Ice pack reveals Romans' air pollution
Steve Connor is the Science Editor of The Independent. He has won many awards for his journalism, including five-times winner of the prestigious British science writers’ award; the David Perlman Award of the American Geophysical Union; twice commended as specialist journalist of the year in the UK Press Awards; UK health journalist of the year and a special merit award of the European School of Oncology for his investigative journalism. He has a degree in zoology from the University of Oxford and has a special interest in genetics and medical science, human evolution and origins, climate change and the environment.
Friday 23 September 1994
The researchers have detected small but significant quantities of lead particles in ice cores drilled to a depth of more than a kilometre - covering a timespan of nearly 8,000 years.
They detected surges in the amount of lead - a by-product of the process of extracting silver from lead ore - at depths corresponding to the rise of Athens and Rome. They also found lead pollution from medieval and Renaissance silver mines.
Finding lead in ice cores represents the oldest report of international atmospheric pollution, scientists say in today's issue of the journal Science. 'Analysis of the Greenland ice core covering the period from 3,000 to 500 years ago - the Greek, Roman, Medieval and Renaissance times - shows that lead is present at concentrations four times as great as natural values from about 2,500 to 1,700 years ago (500BC to AD300).'
The researchers, led by Claude Boutron, a geologist at the Domaine University at Grenoble in France, estimate that about 400 tons of lead fell on the Greenland ice cap during the 800 years of the Roman Empire. This is about 15 per cent of the lead that has fallen on the area in the past 60 years of using lead additives in petrol, they say.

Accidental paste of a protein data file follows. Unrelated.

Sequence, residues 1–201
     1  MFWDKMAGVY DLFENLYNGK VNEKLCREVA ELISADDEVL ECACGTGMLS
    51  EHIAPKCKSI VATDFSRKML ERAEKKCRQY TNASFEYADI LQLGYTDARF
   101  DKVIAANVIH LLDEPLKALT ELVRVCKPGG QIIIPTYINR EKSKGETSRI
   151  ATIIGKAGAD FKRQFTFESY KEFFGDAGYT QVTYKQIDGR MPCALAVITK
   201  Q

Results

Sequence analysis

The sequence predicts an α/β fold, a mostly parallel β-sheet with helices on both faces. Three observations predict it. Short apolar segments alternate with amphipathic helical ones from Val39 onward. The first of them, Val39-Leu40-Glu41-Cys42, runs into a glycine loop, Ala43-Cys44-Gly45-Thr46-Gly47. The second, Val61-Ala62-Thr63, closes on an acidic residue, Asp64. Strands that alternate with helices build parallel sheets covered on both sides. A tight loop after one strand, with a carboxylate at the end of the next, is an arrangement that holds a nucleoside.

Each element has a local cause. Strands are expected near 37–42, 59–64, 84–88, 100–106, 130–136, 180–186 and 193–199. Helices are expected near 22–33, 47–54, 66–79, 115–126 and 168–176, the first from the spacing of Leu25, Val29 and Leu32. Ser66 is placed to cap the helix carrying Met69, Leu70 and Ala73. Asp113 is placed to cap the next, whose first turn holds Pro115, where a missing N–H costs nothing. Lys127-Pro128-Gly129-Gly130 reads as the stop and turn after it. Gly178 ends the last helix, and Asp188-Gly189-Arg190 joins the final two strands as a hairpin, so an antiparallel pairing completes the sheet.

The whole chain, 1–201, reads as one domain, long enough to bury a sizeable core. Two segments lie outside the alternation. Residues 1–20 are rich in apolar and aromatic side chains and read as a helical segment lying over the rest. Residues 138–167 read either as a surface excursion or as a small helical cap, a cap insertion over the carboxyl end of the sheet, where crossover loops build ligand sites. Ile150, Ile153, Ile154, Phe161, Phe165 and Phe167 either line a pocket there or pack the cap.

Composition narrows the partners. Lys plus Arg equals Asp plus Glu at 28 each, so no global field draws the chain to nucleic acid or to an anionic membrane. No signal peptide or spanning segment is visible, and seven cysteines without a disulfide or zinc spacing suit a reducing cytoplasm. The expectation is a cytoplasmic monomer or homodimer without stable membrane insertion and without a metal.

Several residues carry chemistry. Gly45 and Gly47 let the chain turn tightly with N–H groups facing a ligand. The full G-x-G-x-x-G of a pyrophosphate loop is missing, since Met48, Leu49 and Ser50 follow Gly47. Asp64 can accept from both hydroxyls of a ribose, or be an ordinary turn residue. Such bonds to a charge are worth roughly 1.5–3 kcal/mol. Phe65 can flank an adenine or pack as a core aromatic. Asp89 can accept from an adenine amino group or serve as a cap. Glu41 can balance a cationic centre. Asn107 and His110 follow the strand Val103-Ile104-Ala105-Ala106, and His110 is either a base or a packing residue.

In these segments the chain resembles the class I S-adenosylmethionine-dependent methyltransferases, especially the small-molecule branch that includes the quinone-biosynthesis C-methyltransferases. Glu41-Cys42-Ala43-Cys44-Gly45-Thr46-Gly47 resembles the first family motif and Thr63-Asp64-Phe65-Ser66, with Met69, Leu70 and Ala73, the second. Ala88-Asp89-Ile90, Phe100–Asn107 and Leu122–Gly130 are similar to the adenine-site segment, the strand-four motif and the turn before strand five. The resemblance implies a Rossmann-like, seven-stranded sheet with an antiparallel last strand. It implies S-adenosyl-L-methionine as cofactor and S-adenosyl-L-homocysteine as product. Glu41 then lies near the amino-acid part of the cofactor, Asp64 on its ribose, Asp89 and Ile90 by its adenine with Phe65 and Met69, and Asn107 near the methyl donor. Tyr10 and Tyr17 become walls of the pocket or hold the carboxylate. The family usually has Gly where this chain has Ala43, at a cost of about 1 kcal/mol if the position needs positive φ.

Professor Clair Patterson, a geochemist at the California Institute of Technology, in Pasadena, said the pollution came from the ancient tradition of smelting lead ore in open furnaces in order to extract the valuable silver. Although the process - known as cupellation - was invented about 5,000 years ago, it was the Greeks who first exploited it on a large scale, notably at the silver mines of Laurium on the Aegean Sea, which financed the Greek naval victory over the Persians.
Lead smelting during Roman times was done on an even larger scale for a much longer period. At its peak, the Romans produced airborne lead emissions equivalent to the pollution produced at the beginning of the Industrial Revolution 1,700 years later, Professor Patterson said.
'What we see from the ice record of the Greenland cores is that we have been poisoning the Earth's atmosphere with lead for 2,000 years.' At around the birth of Christ, silver mines were producing about 80,000 tons of lead slag a year and at least 1 per cent of this went into the air, he said.
The scientists analysed 22 ice cores drilled to depths from between about 300 metres to 1.3 kilometres. The deepest core corresponded to a period 7,760 years ago, long before lead ore was smelted for silver, which acted as a measure of background levels of lead.
Professor Patterson said that the eventual depletion of the lead and silver mines - resulting in a shortage of silver coins - led to the decline and fall of the Roman Empire. Lead poisoning, which results in mental deterioration, played only a minor role, he said.
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